JOHN MUELLER: OK. But in general, it's not something where I'd say you need to be careful which IP address you move your site to. You need to be careful which hoster you move to. And in general, most of the normal hosting environments, even if they're on shared hosting, it's not something you need to worry about. It's not that we expect the site to be on a unique IP address or that they don't have any neighboring sites on the same seed lock or anything crazy like that.

AUDIENCE: Makes sense. Thank you.




AUDIENCE: In Webmaster Tools, when it comes to search queries, this is something that drives me bonkers so I want to hear what you think. So it shows really positive. I have a site that's under punishment, it's coming out of punishment, so I hold a lot of weight in what search queries shows, and it shows a lot of green, big jumps. That's very positive for me. But when I check in another web-based ranker or something like that or another piece of software to check the rankings, it's completely different. So all the web-based stuff or software-based rank trackers will take my main phrase and show that it's completely out, like I said previously. But yet, Webmaster Tools shows that on an average of 25 to 30 range, and I'd like to know why is Webmaster Tools so different? And should I hold much weight in those search queries? How did the search queries show you that data? I know it's based across multiple locations.

JOHN MUELLER: So the data we show in Webmaster Tools is based on what users have seen. So that's something where, depending on how your site is ranking and for which queries you're looking at, that could be playing a role there. So that's something like personalization. That comes into play there. Just generally like how far people tend to click through the search results comes into play there. And that's essentially what you're seeing in Webmaster Tools. I think it's like the average composition of your site for those queries. That's what we show there. So for example, if your site is generally ranking in position, I don't know, 500 for a specific query, and there are very few cases where, because of personalization, it jumps up to position 10, and nobody clicks to page 500, then that ranking at position 500 won't be reflected in Webmaster Tools. Whereas that ranking, where it's periodically at the higher position, might be shown in Webmaster Tools just because it's something that people actually see in the search results. So that's the kind of skew you might be seeing there. Usually you can tell by the numbers there. When you're looking at that and you're saying, well, the impression numbers are really, really low for this query where I assume a lot of people are searching for it, so it's possible that maybe there's something like personalization, maybe something like geotargeting, something like that playing a role with the rankings that you're seeing in Webmaster Tools.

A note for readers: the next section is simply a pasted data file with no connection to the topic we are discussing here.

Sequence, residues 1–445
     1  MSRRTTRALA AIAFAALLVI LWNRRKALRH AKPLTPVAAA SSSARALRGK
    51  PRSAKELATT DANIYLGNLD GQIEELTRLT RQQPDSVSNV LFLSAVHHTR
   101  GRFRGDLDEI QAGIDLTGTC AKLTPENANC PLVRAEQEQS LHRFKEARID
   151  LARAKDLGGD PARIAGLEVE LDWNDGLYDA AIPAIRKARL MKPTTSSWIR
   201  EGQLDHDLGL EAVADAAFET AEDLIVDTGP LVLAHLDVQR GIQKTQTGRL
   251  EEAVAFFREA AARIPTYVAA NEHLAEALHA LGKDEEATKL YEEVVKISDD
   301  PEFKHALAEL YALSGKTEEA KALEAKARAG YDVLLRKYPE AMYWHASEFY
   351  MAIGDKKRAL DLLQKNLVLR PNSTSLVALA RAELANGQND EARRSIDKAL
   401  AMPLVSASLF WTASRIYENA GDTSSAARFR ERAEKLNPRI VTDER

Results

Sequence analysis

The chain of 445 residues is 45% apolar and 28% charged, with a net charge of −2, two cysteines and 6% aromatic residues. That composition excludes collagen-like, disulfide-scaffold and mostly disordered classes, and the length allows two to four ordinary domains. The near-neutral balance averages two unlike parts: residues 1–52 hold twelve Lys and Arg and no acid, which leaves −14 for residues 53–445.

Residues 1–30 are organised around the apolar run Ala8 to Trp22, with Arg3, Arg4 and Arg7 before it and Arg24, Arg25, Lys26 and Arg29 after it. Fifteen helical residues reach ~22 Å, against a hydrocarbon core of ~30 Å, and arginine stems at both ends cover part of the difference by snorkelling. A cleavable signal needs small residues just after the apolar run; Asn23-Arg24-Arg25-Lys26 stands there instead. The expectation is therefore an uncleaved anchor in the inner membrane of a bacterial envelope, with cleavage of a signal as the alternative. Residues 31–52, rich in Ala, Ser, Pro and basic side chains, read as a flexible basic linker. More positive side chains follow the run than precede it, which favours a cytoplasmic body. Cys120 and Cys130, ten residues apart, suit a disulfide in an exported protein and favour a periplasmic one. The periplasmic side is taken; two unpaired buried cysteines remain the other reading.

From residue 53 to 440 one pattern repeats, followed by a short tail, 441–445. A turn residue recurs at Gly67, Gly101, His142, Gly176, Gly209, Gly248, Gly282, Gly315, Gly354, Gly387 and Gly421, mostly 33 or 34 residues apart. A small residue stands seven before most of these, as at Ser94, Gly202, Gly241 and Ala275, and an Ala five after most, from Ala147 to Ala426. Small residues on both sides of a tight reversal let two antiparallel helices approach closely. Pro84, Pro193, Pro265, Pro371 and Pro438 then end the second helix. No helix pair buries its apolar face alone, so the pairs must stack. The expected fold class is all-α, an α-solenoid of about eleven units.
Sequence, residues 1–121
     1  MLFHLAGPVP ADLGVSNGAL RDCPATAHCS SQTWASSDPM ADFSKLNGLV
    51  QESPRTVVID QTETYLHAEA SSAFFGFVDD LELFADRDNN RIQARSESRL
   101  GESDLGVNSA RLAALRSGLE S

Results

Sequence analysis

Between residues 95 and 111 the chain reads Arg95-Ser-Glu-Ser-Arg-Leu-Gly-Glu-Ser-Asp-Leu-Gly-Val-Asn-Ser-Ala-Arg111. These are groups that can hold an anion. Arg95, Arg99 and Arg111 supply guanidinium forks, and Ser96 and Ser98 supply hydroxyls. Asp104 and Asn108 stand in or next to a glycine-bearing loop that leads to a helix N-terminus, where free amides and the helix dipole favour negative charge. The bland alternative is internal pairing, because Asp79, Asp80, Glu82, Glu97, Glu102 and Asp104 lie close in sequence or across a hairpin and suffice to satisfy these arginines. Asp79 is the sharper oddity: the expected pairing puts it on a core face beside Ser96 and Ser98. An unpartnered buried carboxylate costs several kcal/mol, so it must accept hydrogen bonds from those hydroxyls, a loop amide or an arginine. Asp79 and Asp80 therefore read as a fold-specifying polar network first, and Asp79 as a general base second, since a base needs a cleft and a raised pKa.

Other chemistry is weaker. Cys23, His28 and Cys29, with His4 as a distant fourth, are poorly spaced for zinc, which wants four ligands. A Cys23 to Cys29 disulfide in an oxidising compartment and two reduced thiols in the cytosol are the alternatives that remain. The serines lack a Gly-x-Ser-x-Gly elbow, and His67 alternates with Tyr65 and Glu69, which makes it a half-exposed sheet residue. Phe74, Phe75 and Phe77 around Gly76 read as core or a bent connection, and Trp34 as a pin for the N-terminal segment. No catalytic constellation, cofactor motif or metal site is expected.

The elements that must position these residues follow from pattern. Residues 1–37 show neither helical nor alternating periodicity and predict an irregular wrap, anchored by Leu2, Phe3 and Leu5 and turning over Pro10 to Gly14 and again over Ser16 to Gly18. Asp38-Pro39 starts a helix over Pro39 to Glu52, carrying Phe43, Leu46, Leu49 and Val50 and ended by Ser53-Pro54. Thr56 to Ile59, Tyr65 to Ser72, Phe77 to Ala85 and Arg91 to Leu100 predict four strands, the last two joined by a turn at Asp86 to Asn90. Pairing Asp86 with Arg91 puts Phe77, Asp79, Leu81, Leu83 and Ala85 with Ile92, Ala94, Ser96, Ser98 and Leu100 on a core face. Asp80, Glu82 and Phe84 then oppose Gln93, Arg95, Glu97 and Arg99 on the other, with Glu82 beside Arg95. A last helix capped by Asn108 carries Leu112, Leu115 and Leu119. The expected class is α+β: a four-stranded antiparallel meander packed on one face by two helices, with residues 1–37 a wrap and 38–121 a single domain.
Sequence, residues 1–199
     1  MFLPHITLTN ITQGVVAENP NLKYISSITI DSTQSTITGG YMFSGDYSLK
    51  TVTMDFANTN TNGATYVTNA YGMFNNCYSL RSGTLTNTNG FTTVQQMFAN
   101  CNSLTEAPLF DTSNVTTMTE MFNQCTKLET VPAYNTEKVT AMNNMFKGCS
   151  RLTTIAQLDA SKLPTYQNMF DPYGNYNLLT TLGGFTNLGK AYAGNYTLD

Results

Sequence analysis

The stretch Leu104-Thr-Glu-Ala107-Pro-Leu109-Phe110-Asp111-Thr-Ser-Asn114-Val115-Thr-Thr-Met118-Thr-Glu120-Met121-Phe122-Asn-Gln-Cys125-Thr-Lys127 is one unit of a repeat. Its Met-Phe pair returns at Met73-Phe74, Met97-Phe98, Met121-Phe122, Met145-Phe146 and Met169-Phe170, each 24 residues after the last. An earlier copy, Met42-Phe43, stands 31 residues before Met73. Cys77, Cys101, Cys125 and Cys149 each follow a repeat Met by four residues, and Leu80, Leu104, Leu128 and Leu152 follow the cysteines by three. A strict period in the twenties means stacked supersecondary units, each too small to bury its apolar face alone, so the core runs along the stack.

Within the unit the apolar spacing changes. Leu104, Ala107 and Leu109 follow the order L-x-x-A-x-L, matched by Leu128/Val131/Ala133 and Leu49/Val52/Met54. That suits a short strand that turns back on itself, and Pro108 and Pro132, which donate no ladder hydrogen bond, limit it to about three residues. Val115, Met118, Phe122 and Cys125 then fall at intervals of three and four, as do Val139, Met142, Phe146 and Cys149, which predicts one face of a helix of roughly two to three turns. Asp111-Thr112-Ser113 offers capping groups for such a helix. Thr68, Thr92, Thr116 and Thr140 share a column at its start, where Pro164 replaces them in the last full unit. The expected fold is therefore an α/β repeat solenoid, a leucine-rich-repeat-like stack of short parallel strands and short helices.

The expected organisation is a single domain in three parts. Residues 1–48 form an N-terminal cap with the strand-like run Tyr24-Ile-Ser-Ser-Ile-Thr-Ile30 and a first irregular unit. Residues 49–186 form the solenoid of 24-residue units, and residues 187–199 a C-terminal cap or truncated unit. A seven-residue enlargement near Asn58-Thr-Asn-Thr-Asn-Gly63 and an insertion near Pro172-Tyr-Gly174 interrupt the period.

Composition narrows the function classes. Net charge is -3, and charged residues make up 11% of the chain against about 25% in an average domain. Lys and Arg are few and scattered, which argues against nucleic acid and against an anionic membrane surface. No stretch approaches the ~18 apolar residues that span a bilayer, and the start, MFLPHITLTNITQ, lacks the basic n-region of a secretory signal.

AUDIENCE: Thank you very much for that answer. That was very helpful.

AUDIENCE: Can I ask you a question?


AUDIENCE: John, if two totally different companies have different website design but they are selling the same products and happen to be on the same ISP and on the same IP address, influencing one website although over the other-- I mean, does Google make the assumption that they represent duplicate websites?

JOHN MUELLER: That should be absolutely fine. I don't see why we should be treating them kind of like one site instead of two separate sites, so I wouldn't really worry about that. And again, this is something where if you're on a large hosting environment, your IP address my change from time to time. Or if you're using a content delivery network, you might have the same IP address from time to time as your competitor has. And just because of that, shouldn't be something where our algorithms would assume that, OK, this is actually the same site, and therefore we should only show one of these and not the other one.


AUDIENCE: Yeah, go ahead, [INAUDIBLE].

AUDIENCE: Because it's a competitor-- let's say it's shared hold thing so he has another neighbor that did something really crazy, I mean--

JOHN MUELLER: That's fine. That happens. If you're on-- I don't know, some of the big hosters have upwards of 10,000 sites on the same IP address. There are bound to be some spammy sites among there. There are bound to be some adult sites in there. There are bound to be maybe some competitors even that are selling the same product or very similar products. And that's something we kind of have to live with. The web has a limited number of IP addresses. We shouldn't expect that everyone has their own IP address. We shouldn't kind of artificially push people into that situation.